Our perceived activity levels may not reflect our actual activity levels. In fact, study author Octavia Zahrt, Ph.D., says, “If you live in an area where most of your peers are really fit, you might perceive yourself as relatively inactive, even though your exercise may be sufficient.”

“Or, if you believe that only running or working out at the gym count as real exercise, you may overlook the exercise you are getting at work or at home cleaning and carrying kids around.”

A study conducted in 2007 by Dr. Alia Crum (also involved in the present research), of Stanford University in California, illustrates this surprising psychological interaction.

That study concentrated on 87 hotel room attendants working across seven hotels. Each of the participants routinely met exercise guidelines, purely through the work that they carried out each day at their respective hotel.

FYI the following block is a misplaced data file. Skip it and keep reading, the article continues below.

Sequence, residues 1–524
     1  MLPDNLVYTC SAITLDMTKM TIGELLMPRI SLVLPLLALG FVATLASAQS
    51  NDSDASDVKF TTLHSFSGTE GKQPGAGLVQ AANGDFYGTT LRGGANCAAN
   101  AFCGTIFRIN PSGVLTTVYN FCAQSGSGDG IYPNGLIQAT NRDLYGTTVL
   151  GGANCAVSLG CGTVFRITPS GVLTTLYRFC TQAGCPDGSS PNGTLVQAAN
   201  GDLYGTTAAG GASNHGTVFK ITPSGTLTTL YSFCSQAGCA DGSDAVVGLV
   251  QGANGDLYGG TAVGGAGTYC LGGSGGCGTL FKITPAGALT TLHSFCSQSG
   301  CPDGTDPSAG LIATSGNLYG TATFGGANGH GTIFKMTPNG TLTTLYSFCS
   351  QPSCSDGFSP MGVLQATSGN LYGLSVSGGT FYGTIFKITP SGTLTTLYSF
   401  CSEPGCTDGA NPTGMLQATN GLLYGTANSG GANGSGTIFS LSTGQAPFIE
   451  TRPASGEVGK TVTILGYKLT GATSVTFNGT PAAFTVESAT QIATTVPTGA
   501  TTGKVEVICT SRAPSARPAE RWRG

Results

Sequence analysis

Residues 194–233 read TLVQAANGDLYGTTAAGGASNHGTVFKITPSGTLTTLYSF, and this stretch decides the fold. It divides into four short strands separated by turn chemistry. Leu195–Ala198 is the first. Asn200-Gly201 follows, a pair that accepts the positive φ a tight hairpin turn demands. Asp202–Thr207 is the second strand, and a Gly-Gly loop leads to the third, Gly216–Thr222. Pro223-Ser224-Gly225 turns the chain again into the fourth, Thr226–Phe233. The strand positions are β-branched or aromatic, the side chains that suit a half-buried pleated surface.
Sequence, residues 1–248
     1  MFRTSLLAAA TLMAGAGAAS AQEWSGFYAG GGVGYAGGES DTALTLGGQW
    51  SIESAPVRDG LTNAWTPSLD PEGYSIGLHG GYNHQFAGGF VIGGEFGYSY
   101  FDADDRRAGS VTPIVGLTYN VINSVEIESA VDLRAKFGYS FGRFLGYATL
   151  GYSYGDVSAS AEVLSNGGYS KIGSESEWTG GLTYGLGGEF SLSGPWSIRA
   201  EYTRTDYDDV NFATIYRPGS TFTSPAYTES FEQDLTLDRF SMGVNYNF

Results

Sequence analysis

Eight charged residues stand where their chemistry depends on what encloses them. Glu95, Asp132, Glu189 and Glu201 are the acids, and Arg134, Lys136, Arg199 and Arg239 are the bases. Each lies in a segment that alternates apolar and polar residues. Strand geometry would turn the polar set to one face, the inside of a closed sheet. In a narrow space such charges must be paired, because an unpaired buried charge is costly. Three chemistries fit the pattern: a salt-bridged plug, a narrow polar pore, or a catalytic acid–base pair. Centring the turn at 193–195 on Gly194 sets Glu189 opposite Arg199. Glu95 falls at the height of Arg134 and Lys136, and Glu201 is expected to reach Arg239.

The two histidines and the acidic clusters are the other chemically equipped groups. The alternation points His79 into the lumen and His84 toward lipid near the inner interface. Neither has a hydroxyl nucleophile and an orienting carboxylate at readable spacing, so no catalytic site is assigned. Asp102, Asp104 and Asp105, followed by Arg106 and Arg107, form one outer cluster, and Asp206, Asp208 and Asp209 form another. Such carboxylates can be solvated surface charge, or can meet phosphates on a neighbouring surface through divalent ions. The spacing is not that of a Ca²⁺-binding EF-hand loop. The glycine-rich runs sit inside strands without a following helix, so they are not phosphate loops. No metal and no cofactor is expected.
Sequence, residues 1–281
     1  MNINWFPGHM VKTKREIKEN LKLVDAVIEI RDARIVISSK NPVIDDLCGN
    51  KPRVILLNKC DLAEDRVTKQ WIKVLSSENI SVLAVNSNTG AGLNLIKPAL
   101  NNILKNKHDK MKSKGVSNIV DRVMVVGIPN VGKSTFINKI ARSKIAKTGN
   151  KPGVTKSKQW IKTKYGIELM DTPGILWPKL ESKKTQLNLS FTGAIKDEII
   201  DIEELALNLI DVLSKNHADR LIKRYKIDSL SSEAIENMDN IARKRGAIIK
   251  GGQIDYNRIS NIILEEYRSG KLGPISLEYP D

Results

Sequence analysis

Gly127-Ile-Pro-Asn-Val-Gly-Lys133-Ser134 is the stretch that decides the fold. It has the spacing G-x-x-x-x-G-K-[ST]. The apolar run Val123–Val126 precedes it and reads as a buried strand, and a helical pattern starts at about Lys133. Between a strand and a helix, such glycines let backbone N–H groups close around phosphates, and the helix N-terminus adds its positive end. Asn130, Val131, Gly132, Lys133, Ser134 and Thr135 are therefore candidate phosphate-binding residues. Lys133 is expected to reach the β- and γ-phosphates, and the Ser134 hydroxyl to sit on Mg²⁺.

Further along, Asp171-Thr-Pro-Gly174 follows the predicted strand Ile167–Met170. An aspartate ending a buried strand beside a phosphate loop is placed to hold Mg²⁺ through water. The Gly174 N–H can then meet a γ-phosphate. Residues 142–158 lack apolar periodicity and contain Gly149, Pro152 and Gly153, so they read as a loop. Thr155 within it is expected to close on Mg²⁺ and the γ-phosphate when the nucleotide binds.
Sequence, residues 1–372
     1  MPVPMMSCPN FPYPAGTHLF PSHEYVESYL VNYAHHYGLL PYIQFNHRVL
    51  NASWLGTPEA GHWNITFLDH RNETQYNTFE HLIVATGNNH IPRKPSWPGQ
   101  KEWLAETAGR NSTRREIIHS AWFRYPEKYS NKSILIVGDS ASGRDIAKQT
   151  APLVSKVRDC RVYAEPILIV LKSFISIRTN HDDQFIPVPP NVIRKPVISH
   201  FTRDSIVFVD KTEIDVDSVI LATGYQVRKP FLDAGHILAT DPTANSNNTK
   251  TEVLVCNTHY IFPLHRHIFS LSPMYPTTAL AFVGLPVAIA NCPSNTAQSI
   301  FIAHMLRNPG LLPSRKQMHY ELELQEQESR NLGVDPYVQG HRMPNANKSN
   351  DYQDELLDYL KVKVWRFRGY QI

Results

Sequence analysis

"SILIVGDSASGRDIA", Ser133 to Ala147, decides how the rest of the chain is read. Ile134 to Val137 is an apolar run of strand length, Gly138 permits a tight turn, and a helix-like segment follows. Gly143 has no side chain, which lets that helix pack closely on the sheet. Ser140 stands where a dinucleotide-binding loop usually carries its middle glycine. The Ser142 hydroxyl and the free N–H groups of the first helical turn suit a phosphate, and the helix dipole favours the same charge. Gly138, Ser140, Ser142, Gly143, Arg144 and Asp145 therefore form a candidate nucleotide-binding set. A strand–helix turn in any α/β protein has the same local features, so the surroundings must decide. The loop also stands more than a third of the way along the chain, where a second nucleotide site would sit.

The researchers conducted a 20-minute intervention: in a nutshell, they informed an experimental group of workers that they were all were meeting their daily exercise needs through their physical jobs, explaining the benefits of such an active lifestyle. A control group of hotel workers were given information about recommended exercise levels but were not informed that they routinely met the required physical activity levels. Continue reading

5 Comments

Filed under Exercise, exercise benefits, fitness, fitness facts

Sleep aids can be risky – Harvard